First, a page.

When working at height, it is essential to use top-quality equipment that you know you can rely on. The first step to creating a safe and secure system for working at height is to use the best equipment - the second step is ensuring that you’re using it correctly!
A Yorkshire roofing company and its director have been handed harsh sentences after failing to prevent the death of a worker who fell twelve metres through a storm-damaged skylight.
The incident occurred in December 2016. At that time, 39-year-old Jonathan May was working as a subcontractor for Davis Industrial Roofing Limited, who are based in Wakefield.
May and two others were working on the roof of a warehouse, replacing some skylights that had been damaged during a recent hailstorm. May fell through one of these skylights and dropped 12 metres (approx. 39 feet) to his death.
There’s a reason that carrying out risk assessments and wearing PPE is a legal requirement in the UK – unfortunately, some learn the importance of these necessities the hard way.
Craven and Nicholas Engineering Ltd has been fined after one of its employees fell through a roof when working at height in Boston. The worker in question fell through a fragile roof and fell 6 metres, sustaining injuries to his head and arm.
When it comes to material handling, the sack truck is a hard piece of equipment to beat. Sack trucks are a great tool that makes the manoeuvring of loads quick, easy, and can reduce the risk of injury during handling.
Although a sack truck is an incredibly useful tool, it’s important to ensure that you’re using it correctly. Incorrectly using a sack truck can be as potentially dangerous as trying to handle heavy loads without the appropriate equipment.
When it comes to working at height, there’s nothing more important than having top-quality, reliable equipment. It’s also important to regularly check your equipment to make sure that everything is in good condition – but how regularly are you legally required to have it inspected? Can you inspect it yourself? And how can you keep your equipment in the best possible condition?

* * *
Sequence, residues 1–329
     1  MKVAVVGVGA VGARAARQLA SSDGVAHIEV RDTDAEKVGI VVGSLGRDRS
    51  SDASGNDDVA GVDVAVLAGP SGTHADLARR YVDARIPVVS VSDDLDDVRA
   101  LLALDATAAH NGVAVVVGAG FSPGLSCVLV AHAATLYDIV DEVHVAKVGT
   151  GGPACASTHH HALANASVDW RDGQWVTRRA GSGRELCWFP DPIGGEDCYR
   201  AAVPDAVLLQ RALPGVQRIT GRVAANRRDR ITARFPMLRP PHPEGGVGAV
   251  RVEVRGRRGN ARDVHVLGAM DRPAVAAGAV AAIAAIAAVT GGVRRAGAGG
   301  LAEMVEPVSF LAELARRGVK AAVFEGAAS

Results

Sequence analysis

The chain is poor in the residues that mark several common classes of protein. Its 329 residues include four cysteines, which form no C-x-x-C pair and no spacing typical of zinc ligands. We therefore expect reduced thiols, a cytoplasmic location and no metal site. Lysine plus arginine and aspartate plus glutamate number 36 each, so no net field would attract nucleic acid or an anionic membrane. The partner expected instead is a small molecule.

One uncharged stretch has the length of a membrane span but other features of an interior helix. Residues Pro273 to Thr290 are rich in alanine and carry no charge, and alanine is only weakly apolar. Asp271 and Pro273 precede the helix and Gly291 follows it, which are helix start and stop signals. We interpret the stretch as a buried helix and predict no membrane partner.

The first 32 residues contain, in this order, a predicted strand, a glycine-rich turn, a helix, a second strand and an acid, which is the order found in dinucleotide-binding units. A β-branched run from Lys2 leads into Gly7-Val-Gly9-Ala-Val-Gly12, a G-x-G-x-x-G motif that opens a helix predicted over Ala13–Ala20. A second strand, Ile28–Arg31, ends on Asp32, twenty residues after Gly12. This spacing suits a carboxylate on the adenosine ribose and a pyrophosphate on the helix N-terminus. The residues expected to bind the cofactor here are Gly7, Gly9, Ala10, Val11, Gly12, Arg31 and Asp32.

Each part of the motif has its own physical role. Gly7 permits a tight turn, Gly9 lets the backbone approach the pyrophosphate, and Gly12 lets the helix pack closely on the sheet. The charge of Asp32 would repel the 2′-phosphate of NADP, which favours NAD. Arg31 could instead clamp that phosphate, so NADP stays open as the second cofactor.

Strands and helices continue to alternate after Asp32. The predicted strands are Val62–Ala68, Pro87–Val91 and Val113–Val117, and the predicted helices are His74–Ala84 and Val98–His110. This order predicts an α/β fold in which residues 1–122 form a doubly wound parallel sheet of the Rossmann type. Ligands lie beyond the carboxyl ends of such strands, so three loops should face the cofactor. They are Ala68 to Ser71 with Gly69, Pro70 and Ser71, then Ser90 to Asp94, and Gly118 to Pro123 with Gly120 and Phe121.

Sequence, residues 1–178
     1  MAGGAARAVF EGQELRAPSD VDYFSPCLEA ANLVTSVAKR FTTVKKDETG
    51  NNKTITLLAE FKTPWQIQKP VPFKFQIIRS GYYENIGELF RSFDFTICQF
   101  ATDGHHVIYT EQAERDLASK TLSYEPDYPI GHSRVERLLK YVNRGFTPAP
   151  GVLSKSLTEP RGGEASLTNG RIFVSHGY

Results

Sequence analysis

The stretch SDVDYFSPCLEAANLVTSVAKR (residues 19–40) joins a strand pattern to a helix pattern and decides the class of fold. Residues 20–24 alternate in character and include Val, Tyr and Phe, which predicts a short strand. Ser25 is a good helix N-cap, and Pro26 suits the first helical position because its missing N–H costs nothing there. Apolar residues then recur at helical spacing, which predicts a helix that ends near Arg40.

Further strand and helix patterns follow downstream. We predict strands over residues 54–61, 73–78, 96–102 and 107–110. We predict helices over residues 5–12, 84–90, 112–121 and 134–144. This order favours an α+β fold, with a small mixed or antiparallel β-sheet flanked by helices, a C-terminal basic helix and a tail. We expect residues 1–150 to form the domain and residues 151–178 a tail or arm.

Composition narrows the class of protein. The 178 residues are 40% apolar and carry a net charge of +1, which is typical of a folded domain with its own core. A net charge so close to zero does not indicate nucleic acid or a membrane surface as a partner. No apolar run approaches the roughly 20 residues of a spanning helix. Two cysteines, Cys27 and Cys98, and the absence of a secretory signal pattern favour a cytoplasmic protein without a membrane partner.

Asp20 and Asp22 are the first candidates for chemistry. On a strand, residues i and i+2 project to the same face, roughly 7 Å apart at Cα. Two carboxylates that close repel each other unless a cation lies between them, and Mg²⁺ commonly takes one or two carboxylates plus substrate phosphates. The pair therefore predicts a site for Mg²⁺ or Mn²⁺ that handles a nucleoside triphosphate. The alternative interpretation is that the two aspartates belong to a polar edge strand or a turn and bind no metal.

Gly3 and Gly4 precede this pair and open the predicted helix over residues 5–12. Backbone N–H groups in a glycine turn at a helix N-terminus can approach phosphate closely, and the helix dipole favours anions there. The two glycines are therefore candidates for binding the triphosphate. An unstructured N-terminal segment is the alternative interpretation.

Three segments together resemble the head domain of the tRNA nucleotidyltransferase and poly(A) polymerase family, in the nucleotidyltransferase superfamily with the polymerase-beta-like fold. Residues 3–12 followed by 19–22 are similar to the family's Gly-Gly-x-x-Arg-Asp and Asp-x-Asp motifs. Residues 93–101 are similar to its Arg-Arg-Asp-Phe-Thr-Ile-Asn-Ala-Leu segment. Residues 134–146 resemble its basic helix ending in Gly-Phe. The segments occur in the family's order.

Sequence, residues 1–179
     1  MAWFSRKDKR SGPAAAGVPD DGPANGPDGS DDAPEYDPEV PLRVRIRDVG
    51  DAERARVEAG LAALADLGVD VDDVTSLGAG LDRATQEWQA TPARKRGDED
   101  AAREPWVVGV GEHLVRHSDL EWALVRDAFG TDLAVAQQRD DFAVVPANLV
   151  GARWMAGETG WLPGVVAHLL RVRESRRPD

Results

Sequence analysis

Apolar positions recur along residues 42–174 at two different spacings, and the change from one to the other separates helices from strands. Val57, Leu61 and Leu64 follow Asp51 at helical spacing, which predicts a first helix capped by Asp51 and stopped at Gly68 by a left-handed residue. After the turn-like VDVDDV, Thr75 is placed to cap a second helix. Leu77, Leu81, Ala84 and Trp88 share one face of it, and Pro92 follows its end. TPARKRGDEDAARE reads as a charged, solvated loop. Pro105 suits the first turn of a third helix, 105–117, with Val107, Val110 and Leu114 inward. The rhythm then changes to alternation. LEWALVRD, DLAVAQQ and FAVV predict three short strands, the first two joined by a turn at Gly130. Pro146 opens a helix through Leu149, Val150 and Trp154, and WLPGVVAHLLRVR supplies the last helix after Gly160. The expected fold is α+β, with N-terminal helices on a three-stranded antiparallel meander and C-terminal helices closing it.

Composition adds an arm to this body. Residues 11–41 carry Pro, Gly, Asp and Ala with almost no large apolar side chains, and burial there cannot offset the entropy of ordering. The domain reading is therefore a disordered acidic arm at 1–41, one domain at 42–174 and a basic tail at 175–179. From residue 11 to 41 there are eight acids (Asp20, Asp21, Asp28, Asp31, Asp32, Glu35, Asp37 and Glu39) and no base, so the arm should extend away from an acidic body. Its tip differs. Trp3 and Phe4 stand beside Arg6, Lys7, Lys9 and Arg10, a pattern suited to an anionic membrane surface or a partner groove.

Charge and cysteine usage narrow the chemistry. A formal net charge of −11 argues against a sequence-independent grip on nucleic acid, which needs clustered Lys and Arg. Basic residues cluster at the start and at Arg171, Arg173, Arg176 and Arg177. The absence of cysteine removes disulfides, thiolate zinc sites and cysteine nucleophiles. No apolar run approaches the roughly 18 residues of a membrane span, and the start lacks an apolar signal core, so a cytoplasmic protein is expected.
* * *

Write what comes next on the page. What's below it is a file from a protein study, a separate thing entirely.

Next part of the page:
Every workplace is different, and every career has different responsibilities; some people might be expected to do a large amount of manual handling and lifting daily, while some people might go for years lifting nothing more than a pen.
According to government legislation, manual handling is defined as: “the transporting or supporting of a load (including lifting, putting down, pushing, pulling, carrying or moving) by hand or by bodily force.” Basically, it's the handling of any load whether you're lifting it, dragging it, pushing it, 'manual handling' covers the whole lot.
Here at SafetyLiftinGear, we understand the importance of safety in the workplace. No matter what environment you're working in, every individual deserves to feel safe while doing their job.
When it comes to working at height, there are a number of different rules and regulations that must be adhered to. Back in 2005, the UK government passed a piece of legislation titled 'The Work at Height Regulations 2005', which contains a lot of important information pertaining to working at height.
The Work at Height Regulations 2005
Although there is no shortage of literature on how to protect yourself and others when working at height, you may still be wondering exactly what 'working at height' means. How do you know if you're working at height? What work environments count as 'at height'?
If these are questions you've found yourself asking, read on!